Daisy the Road ... | May 18, 2020

That husband is (hopefully) strapped in with a seatbelt. One has to go out of one's way to properly anchor a wheel in the back of the Tesla.

murphyS90D | May 19, 2020

If you must carry a full size spare put it upright on the floor of the backseat on the passenger side. Move the front passenger seat back until the spare is captured between the passenger seat back and the rear seat cushion.

Tldickerson | May 19, 2020

Why not just get a AAA card and put it in your pocket. Save damaging your car.

Bill_75D | May 19, 2020

Regarding strapping a spare tire in the trunk, how many of you carry one or more 40-50 pound suitcases? Do you strap them down for safety?

barrykmd | May 19, 2020

Bill - round things tend to move more easily than rectangular things.

thranx | May 19, 2020

General curiosity, btracy: what size wheels are on your S? 21", 20, or 19?

Aerodyne | May 19, 2020

Dano +1. Get the tire pump and sealant kit from Tesla. 90% chance your next tire failure will be a puncture, not a blowout.

Carry a spare if you must for long road trips.

Do your own tire rotations and inspect. Caught at least 2 nails that way, that were not leaking yet.

TonyB.C120 | May 19, 2020

Another option: Get a can of tire puncture sealer from the auto parts store. Make sure it is one made for cars with tire pressure monitoring systems. Those will say "Safe for TPMS" or something to that effect. I carry one in the frunk bundled up with other stuff so it doesn't bounce about on the road.

jimglas | May 19, 2020

you cannot use the "puncture sealer or the tesla kit due to the sound deadening foam in the tires

Bighorn | May 19, 2020

Get a compressor and learn how to plug a tire. It’s not difficult. Those two things will cover 90% of circumstances—you often get by by reinflating a slow leak. Do not get sealant. Do not carry a spare.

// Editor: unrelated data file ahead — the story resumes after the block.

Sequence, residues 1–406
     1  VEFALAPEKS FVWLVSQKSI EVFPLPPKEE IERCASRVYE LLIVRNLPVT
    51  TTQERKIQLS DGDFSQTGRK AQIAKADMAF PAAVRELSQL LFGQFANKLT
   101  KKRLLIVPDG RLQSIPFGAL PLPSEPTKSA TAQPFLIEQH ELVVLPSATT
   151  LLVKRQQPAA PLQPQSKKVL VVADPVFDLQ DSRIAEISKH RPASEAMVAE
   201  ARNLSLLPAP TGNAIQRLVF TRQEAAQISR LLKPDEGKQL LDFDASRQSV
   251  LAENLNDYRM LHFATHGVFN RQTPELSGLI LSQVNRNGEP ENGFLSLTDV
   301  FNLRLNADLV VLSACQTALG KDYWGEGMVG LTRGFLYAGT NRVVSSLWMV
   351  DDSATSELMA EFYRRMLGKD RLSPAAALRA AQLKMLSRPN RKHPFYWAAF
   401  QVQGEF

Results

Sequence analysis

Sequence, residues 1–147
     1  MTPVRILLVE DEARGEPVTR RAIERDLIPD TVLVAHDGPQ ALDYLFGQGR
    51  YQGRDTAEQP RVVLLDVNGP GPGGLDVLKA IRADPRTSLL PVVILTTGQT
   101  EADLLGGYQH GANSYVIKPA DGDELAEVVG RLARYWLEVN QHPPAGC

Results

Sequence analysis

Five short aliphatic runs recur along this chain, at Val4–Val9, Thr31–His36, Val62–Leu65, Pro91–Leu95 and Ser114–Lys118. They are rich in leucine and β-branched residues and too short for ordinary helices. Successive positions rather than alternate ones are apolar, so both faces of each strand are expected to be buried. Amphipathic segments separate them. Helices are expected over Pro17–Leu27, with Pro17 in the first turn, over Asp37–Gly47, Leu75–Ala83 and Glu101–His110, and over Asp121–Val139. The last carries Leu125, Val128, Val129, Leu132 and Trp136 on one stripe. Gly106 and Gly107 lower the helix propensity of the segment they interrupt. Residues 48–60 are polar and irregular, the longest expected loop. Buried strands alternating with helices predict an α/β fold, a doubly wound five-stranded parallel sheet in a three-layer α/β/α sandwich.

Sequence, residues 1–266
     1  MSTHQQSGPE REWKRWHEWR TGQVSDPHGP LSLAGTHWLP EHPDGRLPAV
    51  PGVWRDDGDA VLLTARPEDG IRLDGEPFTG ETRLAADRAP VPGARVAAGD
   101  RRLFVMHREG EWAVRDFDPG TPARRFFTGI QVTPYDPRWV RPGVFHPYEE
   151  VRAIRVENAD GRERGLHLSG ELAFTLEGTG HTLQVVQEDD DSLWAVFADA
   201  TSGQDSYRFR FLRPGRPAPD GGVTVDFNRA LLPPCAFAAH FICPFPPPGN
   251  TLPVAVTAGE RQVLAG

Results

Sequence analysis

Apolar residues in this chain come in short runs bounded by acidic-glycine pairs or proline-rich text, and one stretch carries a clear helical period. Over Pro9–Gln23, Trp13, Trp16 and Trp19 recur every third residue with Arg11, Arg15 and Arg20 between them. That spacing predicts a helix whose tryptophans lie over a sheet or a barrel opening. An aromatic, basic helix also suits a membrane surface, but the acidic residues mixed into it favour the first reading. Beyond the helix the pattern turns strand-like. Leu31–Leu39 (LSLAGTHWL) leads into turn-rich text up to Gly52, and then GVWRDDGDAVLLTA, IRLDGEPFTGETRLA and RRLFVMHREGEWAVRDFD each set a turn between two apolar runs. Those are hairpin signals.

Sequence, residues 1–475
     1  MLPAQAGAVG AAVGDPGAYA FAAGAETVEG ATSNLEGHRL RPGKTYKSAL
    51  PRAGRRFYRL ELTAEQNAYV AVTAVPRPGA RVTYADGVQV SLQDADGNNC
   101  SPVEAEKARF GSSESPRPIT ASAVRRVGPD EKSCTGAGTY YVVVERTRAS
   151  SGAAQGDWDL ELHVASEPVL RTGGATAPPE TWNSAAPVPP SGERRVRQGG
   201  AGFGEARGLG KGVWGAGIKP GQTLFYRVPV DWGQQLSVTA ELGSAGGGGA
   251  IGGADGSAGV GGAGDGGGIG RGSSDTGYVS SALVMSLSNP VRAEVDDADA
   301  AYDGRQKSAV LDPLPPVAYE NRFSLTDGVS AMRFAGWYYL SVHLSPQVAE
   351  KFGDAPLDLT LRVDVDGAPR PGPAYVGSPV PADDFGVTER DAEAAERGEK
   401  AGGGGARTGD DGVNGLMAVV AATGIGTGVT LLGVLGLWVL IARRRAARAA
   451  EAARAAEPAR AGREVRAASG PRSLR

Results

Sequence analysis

Bighorn | May 19, 2020

Get a compressor and learn how to plug a tire. It’s not difficult. Those two things will cover 90% of circumstances—you often get by by reinflating a slow leak. Do not get sealant. Do not carry a spare.

Tldickerson | May 19, 2020

@jimglas , not all Tesla's come with the foam.

jimglas | May 19, 2020

good to know. Both of mine did.

Bighorn | May 19, 2020

Regardless, Slime is a bad idea.

rxlawdude | May 19, 2020

@Bighorn, why did I immediately visualize an orange slimeball?

Bighorn | May 19, 2020

Don’t know if that’s a Nickelodeon or Trump reference:)

NKYTA | May 19, 2020

I know. ;-)

btracy | May 20, 2020

Thanks everyone (well almost everyone) I live in a rural part of the state where roadside assistance is not always available, nor cell service. To be specific, my concern wasn't so much carrying the extra weight, but the location of where I put the spare and jack (which by the way is very heavy - exact weight unkown). I have both rear seats down because I don't like trying to see over the headrests of the back seat.
I have since driven the car with everything in it and had a hard time getting much acceleration. I like all your sarcastic comments, just not the mean ones. I was hoping for helpful, respectful comments - so thank you for those of you who did. And my tires are 19" for the person who asked.

Daisy the Road ... | May 20, 2020

I find it difficult to believe that you had a hard time getting acceleration. Even if you doubled the weight of the car it would still have fairly snappy acceleration.

murphyS90D | May 21, 2020

The wheel and jack don't add enough weight to have a noticeable effect on acceleration. It is after all a 5 passenger car. Verify that you didn't accidentally turn on CHILL mode. That makes a noticeable difference in acceleration.

frankben | May 21, 2020

I use to carry the compressor with the sealant and found out that my tires had a foam liner to keep them quiet. If you have this tires the sealant won't work. i found out the hard way when one of my tires was punctured and i tried to use the kit. Ended up getting the tow from Tesla and tire had to be replaced. This was on a performance S 85 2014.

Tropopause | May 21, 2020

Dare I say, Run-Flats?

SbMD | May 21, 2020

Not a bad thought, @trop, when road conditions are chronically bad and roadside assistance access is limited. Not ideal for other reasons, of course, but I had the same thought, FWIW.